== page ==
The name of the soup in French means “loggerhead turtle.” For English-speaking people it might sound like “cow Ann.” So, there. It’s meat, it tastes good. If tasting blind, I wouldn’t be able to say what kind, but I’d suspect slow-cooked tough lean beef muscles or some kind of beef offal.
First, I found turtle meat in Central Market. Second, I found this wonderful source. Curious, I tried cooking Crawfish Etouffee and Creole Turtle Soup. Great descriptions and recipes to use when Central Market has great ingredients from Louisiana.
It’s interesting to note somewhat confusing “instructions” on CM’s turtle meat: “Keep frozen until ready to use. Break seal and thaw under refrigeration. Cook to temp of 165F for 15 seconds before serving.” For a novice, they might sound like steps, with the last to cook turtle meat for 15 seconds. These are not cooking instructions. They are just safety food handling reminder. Like many other proteins, turtle meat should be cooked to 165F internal temp and reheated to the same temp before serving.
Note butter:flour ratio for Creole dark is 2:1 in many recipes. Twice more butter helps to caramelize flour without burning it. You can make dark roux using classic 1:1 ratio, but if making it for the first time go for 2:1. See Recipe Notes below with links to instructional texts and videos about roux.
Soup, Stew, or Sauce?
I was going for thick and rich Creole turtle stew. A cup of sauce left over and cooked Angus beef meatballs in it. You don’t need exotic for Texas turtle meat to enjoy this Creole creation! Cook this stew with easily available beef shanks or cheeks. This dish is perfect for cold weather.
1/2cupwheat flourall-purpose, King Arthur preffered
for stew (meat and vegetables)
2lbturtle meatcleaned and 1" cubed
1cupcelerygreen stalks, diced
for stew (aromatics)
1tspblack pepperfreshly ground, adjust to taste
2tspkosher saltadjust to taste
5tbspparsleyItalian fresh, chopped
When your recipe calls for a long list of ingredients, prepare them all before you start cooking.
Mix melted butter and flour and cook it constantly mixing until it become the color of caramel. Or, if the color of peanut butter sound more familiar, that is your color. If it's your first time cooking roux, see Recipe Notes section below.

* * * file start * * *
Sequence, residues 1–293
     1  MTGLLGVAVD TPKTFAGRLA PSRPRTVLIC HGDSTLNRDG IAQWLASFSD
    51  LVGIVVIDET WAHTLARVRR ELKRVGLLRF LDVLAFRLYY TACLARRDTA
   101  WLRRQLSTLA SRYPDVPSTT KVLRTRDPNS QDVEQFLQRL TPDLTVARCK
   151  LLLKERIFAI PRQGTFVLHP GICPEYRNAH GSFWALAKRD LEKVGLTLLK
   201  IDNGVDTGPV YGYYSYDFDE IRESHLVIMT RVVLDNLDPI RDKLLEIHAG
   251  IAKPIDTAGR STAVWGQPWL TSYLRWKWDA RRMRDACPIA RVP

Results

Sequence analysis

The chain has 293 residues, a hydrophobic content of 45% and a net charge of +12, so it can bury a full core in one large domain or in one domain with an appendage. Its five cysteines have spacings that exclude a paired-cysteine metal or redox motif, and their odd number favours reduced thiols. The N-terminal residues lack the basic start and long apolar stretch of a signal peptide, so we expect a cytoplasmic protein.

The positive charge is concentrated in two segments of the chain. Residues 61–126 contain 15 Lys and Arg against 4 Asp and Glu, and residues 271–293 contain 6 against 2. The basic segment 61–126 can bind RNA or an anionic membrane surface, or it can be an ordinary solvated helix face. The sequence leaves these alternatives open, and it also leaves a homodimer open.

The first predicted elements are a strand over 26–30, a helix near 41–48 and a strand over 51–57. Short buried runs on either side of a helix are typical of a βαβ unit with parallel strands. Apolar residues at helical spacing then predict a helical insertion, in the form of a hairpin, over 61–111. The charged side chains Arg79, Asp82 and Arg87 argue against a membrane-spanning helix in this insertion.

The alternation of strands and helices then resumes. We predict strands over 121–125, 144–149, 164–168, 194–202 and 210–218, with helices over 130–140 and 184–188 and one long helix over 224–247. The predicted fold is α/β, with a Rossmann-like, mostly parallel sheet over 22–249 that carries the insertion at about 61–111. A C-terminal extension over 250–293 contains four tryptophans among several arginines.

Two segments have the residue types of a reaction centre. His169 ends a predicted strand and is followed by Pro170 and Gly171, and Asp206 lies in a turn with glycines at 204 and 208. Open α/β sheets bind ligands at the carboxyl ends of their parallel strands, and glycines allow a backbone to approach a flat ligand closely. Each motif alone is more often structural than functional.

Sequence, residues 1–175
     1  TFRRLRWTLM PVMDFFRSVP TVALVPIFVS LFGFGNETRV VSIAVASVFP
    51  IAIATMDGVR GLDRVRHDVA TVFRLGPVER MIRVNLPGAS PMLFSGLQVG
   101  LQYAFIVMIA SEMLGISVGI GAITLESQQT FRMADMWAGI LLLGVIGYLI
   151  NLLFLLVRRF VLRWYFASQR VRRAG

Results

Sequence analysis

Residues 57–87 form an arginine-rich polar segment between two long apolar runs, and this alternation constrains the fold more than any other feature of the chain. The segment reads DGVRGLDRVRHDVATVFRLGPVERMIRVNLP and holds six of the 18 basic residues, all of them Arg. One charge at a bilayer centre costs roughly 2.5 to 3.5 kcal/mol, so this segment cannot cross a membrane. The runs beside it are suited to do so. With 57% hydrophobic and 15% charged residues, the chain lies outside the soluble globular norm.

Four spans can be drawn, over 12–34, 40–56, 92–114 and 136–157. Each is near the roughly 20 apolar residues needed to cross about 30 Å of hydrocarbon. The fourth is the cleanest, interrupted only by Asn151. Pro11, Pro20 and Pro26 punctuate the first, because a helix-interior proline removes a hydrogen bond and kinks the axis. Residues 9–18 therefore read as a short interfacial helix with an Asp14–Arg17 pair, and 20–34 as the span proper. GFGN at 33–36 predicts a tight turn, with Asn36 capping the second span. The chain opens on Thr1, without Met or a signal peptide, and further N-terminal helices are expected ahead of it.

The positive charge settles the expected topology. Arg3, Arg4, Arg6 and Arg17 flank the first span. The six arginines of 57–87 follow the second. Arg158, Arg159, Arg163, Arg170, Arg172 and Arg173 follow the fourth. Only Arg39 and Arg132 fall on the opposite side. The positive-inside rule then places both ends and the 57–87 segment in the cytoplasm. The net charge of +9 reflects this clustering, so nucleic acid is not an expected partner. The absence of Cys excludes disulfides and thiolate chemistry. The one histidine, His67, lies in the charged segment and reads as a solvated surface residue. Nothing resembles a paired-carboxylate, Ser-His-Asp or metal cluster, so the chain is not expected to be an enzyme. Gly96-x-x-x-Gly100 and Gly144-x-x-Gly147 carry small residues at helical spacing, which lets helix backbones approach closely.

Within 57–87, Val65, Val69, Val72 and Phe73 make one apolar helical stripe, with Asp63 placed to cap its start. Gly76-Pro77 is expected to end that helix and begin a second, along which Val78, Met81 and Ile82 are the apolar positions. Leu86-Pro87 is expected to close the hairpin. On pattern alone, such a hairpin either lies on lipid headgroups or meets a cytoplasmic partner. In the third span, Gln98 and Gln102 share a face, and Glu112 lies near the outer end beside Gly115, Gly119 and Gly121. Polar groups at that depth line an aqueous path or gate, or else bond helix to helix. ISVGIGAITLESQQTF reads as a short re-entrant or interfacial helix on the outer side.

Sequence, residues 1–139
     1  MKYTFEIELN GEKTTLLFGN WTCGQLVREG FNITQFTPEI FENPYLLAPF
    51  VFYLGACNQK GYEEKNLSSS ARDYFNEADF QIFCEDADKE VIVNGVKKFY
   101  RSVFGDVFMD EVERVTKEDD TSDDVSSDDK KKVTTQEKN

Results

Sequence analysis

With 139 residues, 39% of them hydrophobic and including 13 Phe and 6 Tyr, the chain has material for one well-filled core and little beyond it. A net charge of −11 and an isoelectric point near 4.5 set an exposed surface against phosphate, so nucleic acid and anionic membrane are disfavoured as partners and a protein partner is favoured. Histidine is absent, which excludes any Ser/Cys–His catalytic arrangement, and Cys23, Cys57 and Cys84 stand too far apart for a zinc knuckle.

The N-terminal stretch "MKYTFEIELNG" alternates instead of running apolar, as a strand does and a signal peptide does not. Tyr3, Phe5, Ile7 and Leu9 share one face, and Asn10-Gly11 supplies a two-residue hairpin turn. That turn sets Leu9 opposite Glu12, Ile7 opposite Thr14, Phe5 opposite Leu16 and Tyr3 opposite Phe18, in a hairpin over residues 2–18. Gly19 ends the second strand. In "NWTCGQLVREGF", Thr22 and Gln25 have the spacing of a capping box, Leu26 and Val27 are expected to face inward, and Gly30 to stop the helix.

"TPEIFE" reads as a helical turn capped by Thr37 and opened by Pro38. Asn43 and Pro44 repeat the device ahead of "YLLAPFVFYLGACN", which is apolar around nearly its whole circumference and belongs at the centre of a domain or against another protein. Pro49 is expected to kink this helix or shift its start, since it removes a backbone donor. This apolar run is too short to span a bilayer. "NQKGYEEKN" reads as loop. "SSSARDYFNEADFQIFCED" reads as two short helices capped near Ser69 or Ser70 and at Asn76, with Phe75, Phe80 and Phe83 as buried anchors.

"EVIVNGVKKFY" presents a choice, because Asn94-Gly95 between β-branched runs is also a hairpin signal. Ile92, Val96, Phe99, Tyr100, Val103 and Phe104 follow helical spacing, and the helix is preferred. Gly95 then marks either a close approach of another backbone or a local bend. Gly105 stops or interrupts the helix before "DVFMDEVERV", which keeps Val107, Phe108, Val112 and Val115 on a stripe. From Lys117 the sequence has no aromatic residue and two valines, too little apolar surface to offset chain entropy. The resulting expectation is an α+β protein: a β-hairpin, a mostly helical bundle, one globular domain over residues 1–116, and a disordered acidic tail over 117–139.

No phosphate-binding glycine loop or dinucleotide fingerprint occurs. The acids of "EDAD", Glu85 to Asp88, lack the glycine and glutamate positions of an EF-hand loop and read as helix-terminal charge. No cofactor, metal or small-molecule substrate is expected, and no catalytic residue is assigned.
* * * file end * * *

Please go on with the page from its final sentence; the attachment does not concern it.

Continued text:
In a large heavy bottomed pan, melt butter on high heat. When it starts bubbling add cubed turtle meat and cook constantly stirring until browned.
Add diced onion, celery, scallions, and garlic. Season and cook constantly stirring until vegetables are tender.
Add tomato puree, bring it to boiling on high heat, lower heat to medium high, and cook for about 5 minutes, stirring.
Add beef stock Worcestershire, cayenne, allspice, and bay leaves. Bring it to boiling on high heat, lower heat to medium, and simmer for about 45 minutes, stirring occasionally. Use this time to cook eggs, slice and juice lemons, slice scallions, measure Sherry — prepare for serving.
Temper roux with a 1-1.5 cups of hot sauce, mix well, return it to the pan. Add herbs, stir, and simmer for another 15 minutes to thicken. Add lemon juice and adjust seasoning to your taste. You can mix in sliced boiled eggs, or arrange slices to decorate each portion. Add lemon slices (I didn't do it) and sprinkle with sliced scallions. 1 tbsp of Sherry is added at the table before eating.
HOW TO MAKE AND USE A ROUXAbout Creole Roux
"THE DARK BROWN CAJUN ROUX1 cup oil
1/2 cup flourProceed as you would in the light brown Cajun roux recipe but continue cooking until the roux is the color of a light caramel. This roux should almost be twice as dark as the light brown roux but not as dark as chocolate. You should remember that the darker the roux gets, the less thickening power it holds and the roux tends to become bitter. This roux is used most often in sauce piquantes, crawfish bisques and gumbos. However, it is perfectly normal to use the dark brown roux in any dish in Cajun cooking.This roux gives food such a rich character that I sometimes make shrimp and corn bisque with it, as well as a river road seafood gumbo that will knock your socks off. Slow cooking is essential to achieve that dark, rich color."